Pedophobia is a fear of small children. It could be related to a traumatic experience involving an infant or child, and you may be more at risk of developing it if you already have obsessive-compulsive disorder (OCD) - particularly if it relates to fears of contamination - or mysophobia (fear of germs) may be more at risk of developing pedophobia. Pedophobic people feel anxious or fearful when they see children or are around them, but it can be treated with exposure therapy and CBT. 
Phobophobia is an intense fear of phobias and the symptoms often associated with them, such as heart racing, rapid breathing, excessive sweating, or dizziness. Unfortunately, this phobia can be self-fulfilling, in that people with phobophobia are more likely to experience phobic symptoms of an existing phobia (including anticipatory anxiety) and are also more likely to develop a new phobia, compared to the general population.
People with this phobia fear puppets, dummies, and marionettes. As with pediophobia (fear of dolls), it’s more common in children, but adults can be affected too. Like other phobias, there are thought to be both genetic and environmental causes to pupaphobia, and popular culture (scary movies featuring evil puppet characters) could be a contributory factor too.
You’ve likely heard of insomnia (difficulties getting to and staying asleep) but people with somniphobia fear falling asleep. It’s more common in people with PTSD and those who have other sleep disorders that affect people during sleep, such as sleepwalking, sleep paralysis, or night terrors. People may fear sleep due to fear of dying in their sleep. Somniphobia can be treated with talk therapy and eye movement desensitization and reprocessing (EDMR) , which is a treatment often offered to people who have experienced trauma.
Toilet phobia includes fear of urination, defecation, fear of using public toilets, fear of not being near any toilets when out, and experiencing a ‘shy bladder’ (not being able to urinate even when your bladder is full). Toilet phobia can be treated with different types of talk therapy, including CBT, gradual exposure therapy, hypnotherapy, anxiety medication, and relaxation and meditation techniques. 
People with trypophobia experience feelings of anxiety, repulsion or disgust at the sight of patterns with lots of holes. Some examples of the types of objects that can illicit this response include honeycombs, sponges, sunflowers, and seeded fruits.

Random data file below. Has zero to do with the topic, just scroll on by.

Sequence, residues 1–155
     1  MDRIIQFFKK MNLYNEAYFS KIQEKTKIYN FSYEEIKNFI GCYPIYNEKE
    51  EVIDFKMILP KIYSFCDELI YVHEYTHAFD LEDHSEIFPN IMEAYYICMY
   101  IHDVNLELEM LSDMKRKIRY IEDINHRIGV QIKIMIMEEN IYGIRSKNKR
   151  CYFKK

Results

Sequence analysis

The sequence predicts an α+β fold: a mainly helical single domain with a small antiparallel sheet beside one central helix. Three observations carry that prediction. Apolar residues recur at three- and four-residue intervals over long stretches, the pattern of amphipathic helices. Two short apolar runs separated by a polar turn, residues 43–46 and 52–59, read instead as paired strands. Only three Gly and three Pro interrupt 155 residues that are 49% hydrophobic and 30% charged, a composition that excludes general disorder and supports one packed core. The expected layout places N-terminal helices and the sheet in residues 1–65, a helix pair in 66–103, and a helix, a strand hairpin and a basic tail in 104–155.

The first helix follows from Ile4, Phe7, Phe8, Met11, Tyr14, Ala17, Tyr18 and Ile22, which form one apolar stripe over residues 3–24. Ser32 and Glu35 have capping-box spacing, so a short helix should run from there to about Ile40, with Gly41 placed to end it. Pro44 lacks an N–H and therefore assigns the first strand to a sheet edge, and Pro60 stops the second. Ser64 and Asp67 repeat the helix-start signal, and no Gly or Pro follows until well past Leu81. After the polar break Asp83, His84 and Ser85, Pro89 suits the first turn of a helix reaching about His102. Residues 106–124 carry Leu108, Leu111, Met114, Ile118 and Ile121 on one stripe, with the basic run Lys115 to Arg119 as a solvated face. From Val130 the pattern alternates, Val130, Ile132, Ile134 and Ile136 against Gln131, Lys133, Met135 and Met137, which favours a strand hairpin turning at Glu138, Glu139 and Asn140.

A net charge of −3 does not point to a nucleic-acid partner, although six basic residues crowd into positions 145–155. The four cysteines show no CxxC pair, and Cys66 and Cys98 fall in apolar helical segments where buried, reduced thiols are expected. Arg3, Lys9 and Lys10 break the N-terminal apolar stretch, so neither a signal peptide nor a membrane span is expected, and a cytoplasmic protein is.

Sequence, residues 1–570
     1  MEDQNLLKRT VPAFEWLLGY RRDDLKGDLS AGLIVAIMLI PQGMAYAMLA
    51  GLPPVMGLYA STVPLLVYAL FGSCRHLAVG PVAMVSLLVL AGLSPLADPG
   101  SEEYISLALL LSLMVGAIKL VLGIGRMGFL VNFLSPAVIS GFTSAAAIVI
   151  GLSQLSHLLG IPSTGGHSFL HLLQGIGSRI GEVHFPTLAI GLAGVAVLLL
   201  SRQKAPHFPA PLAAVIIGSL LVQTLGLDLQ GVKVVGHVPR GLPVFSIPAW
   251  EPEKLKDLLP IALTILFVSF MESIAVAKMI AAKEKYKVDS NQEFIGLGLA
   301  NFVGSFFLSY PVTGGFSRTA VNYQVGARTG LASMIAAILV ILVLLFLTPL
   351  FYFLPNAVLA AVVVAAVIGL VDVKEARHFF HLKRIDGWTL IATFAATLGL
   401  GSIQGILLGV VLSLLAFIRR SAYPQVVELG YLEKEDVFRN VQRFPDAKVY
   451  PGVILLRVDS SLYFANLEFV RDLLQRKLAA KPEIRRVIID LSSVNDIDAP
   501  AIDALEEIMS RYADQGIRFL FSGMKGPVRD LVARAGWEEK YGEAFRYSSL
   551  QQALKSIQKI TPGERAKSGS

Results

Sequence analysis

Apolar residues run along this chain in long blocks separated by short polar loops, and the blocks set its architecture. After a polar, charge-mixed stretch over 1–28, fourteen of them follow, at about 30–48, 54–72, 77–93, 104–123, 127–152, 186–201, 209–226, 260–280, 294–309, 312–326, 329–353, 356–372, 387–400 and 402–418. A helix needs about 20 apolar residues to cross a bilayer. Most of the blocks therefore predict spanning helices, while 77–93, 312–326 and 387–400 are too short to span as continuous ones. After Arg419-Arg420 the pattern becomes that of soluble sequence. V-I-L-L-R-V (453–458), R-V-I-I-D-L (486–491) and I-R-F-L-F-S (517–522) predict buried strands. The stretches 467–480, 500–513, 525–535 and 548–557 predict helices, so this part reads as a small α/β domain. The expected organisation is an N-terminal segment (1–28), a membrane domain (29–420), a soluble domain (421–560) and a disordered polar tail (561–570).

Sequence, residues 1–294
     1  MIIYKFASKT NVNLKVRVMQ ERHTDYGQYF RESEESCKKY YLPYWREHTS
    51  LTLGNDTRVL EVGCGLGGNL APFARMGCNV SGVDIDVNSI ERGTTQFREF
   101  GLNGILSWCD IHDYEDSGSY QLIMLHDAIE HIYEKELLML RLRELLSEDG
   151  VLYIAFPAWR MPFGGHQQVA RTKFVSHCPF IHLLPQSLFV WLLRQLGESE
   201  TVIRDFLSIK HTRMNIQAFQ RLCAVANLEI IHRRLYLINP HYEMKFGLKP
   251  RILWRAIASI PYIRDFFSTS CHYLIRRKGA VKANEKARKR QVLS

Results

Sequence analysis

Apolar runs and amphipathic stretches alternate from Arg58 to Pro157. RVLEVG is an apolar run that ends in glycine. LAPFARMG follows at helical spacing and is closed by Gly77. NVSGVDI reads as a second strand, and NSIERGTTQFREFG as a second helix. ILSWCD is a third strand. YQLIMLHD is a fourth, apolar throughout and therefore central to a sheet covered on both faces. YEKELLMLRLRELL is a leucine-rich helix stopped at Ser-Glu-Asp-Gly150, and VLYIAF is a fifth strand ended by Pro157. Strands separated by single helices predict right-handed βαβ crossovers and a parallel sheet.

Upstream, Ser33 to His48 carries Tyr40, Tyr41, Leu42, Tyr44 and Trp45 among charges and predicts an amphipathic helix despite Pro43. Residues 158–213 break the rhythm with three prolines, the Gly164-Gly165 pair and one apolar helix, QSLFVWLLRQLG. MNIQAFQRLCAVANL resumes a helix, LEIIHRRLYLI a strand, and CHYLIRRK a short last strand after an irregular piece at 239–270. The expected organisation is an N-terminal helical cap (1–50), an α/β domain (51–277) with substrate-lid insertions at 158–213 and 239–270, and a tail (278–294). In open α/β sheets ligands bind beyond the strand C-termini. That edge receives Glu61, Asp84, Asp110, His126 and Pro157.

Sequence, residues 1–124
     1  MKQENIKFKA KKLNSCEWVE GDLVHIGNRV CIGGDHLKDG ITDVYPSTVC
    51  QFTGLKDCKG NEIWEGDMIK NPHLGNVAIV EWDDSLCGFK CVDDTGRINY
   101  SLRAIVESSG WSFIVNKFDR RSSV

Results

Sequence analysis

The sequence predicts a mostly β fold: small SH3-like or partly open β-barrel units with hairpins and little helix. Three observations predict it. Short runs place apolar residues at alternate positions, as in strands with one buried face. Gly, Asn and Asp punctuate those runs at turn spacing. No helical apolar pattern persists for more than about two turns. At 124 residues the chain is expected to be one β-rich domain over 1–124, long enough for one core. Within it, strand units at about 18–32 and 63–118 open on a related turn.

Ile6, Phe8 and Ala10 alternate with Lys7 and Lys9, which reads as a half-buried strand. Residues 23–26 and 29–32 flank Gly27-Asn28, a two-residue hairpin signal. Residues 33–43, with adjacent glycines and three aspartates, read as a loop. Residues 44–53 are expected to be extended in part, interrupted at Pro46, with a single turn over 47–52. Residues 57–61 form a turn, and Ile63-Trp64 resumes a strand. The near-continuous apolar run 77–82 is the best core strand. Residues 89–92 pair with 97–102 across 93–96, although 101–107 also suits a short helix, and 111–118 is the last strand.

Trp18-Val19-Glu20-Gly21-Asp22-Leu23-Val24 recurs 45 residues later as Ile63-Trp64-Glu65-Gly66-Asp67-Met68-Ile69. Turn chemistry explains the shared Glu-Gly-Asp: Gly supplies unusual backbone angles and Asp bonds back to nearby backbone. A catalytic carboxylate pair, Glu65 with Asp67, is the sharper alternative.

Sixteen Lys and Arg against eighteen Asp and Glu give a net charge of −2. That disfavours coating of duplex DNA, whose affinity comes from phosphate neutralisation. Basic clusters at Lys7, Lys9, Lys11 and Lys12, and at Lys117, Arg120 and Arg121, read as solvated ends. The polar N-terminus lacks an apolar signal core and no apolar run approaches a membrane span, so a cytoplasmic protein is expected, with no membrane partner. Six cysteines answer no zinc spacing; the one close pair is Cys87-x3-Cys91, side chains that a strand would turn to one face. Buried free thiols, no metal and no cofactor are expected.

This phobia relates to the fear of a specific animal. Someone who is zoophobic may feel panicky, revolted, and anxious about seeing their feared animal. People with this phobia can go on to develop related phobias, such as fear of fur or in extreme cases, agoraphobia (fear of situations where it’s difficult to escape). 
Phobias can be treated with various types of therapy and medication. However, people with certain phobias might find it especially difficult to ask for, or access, help. For example, people whose anxieties are triggered by situations involving healthcare professionals, medical settings, making phone calls, or leaving the house. If these types of issues affect you, you could consider things like asking a trusted friend for help, making an appointment at a quiet time, and preparing what you want to say to your doctor in advance. 
Treatment for a phobia will vary depending on the type of phobia. However, it will often involve therapy, such as CBT, dialectal behavioral therapy (DBT), or gradual exposure therapy.
In exposure therapy, you are asked to confront your feared object or situation in gradually more challenging scenarios. For example: if your phobia is arachnophobia, you might start by being in the same room as a spider and over time work up to holding one in your hand.
Hypnotherapy uses hypnosis to put you in a state of deep relaxation to access subconscious beliefs, thoughts, and memories, with the aim of changing habits and the way you respond to your feared object or situation. 
Virtual reality therapy can help people with phobias, using a ‘game’ to simulate situations you fear, such as flying, heights, using public transport, or getting into elevators. 
If your phobia causes you severe anxiety, you might be offered the same types of psychiatric medication prescribed for people with anxiety disorders, such as antidepressants, benzodiazepines, and beta-blockers.